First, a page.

While I’ve taken a look at the language of the Android Design Guidelines already, today I want to think about how it will affect developers and users, if at all. It’s fine and dandy for Google to release these guidelines, but Android applications aren’t going to start following these rules overnight.
What stands in the way of these guidelines being adopted? Short answer: a lot. Long answer: well, read on and find out.
At the beginning of February Android 4.0 managed to double its adoption rate… to 1% of Android users. Yes, you’ve read that right: the latest version of Android is only running on one percent of devices running Android. As ridiculous as that sounds, that’s an issue for another article.
Never mind the fact that this image may be irrelevant in the near future.
Right now it’s a matter of fact that most people aren’t familiar with Ice Cream Sandwich’s new interface. Not only will they notice that applications are different on their Android device, but they’ll also wonder why it’s different. What fits with Ice Cream Sandwich may not fit with, say, Eclair.
So what do designers create for? The newest version of Android, with its clean and modern look, or the most popular version of Android (Gingerbread) which still looks nice but is different from the latest version? Is it better to please the early adopters, the masses, or some combination of the two? Who knows?
Speaking of Which…
Another issue arises from the custom skins manufacturers insist on slapping on the Android interface. I’ve talked about this before, but it bears repeating here because it’s just another obstacle to creating a unified, whole operating system. Now designers aren’t just wondering whether they should create for the newest version of Android or the most popular version, they also have to decide whether they want their designs to fit in with TouchWiz, Sense, Blur, etc.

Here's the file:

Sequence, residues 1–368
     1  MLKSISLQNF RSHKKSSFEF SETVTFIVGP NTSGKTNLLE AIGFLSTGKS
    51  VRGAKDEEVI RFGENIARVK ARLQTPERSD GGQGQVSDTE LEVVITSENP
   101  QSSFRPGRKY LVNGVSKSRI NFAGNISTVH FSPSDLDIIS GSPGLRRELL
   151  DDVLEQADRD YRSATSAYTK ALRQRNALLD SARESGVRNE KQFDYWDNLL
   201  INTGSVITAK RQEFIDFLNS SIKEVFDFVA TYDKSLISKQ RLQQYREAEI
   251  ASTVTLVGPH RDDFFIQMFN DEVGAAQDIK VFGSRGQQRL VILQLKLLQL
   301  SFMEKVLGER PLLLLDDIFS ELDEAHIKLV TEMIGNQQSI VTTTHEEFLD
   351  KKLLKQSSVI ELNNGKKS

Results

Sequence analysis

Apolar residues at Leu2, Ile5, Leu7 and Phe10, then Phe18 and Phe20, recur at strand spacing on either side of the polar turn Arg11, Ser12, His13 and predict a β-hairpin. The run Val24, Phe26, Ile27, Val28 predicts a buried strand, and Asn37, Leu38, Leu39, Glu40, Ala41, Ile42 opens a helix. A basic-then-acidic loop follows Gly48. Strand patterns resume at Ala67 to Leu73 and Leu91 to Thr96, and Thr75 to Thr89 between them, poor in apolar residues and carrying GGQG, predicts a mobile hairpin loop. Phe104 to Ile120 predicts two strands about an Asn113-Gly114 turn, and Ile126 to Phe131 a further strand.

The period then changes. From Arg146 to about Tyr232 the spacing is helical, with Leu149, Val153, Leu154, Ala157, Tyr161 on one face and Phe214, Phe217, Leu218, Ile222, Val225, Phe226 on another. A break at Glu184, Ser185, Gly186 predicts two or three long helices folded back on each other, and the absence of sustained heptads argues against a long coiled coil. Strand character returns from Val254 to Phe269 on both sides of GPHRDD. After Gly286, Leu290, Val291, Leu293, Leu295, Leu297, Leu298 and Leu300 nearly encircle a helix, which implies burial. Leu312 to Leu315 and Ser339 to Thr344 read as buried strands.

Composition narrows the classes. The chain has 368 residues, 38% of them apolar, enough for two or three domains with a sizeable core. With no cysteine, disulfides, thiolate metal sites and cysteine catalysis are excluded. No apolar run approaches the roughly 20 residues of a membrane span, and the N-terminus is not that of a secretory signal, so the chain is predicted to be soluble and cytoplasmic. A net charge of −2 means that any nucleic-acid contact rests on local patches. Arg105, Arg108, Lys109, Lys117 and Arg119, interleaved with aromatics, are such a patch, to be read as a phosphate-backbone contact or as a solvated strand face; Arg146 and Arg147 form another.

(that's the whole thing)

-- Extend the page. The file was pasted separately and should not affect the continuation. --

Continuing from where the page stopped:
What’s Your Size?
Designing for multiple screen sizes is easier said than done. While it seems simple enough, the reality is that a 3.7“ screen is vastly different from a 4.1” screen, which itself is hugely different from the enormous 5.3″ screen of the Galaxy Note. With each screen size you have varying levels of vertical and horizontal space to work with, which can fundamentally change the way that users interact with applications.
I'm sure there are some that even Google doesn't want to recognize.
Let’s consider an item in the top corner. For someone with a smaller phone that’s an easy enough target to hit; they can move their thumb about the screen without having to shimmy their hand around on the phone. Now let’s imagine that that same person has that Galaxy Note. All of the sudden that element isn’t quite so easy to reach.
So designers have to worry not only about the operating system, its version, and whether it’s skinned or not, but also about what is roughly half a million different screen sizes. I don’t know about you, but even considering the amount of work required there makes my entire life seem gloomier.
When You Aren’t Making Money…
Now, what kind of motivation does someone have to create an excellent design if there’s just going to be an advertisement displayed somewhere in the middle of that design anyway? Unless those advertisements themselves are done properly (see: The Deck, Fusion Ads, etc.) then that design is going to be ruined either way.
Besides, where’s the money in it anyway? I imagine that some Android developers are making more money than I picture (which isn’t that much) but based on the number of applications that are free-but-ad-supported I don’t imagine they’re exactly rolling in cash. We’ve already established the huge amounts of work that go into designing for all the different Android devices, so now imagine you can go through all of that and make a little bit of money, or forgo all but the most basic of designs and make just slightly less?
Sure, there are some companies that are going to pride themselves on designing excellent applications no matter what. More power to them. I’m a sucker for a good design, and I’m sure that many others are as well. Unfortunately, they’re in the minority.
Now Back to Our Original Question
So, will these design guidelines change anything? I don’t know. I see many obstacles standing between where Android applications are now and where Google wants them to be. Are they insurmountable? Probably not.
Still, it’s going to be a long process between here and there. These design guidelines are a good first step, but it’s going to be a long while before we see real change.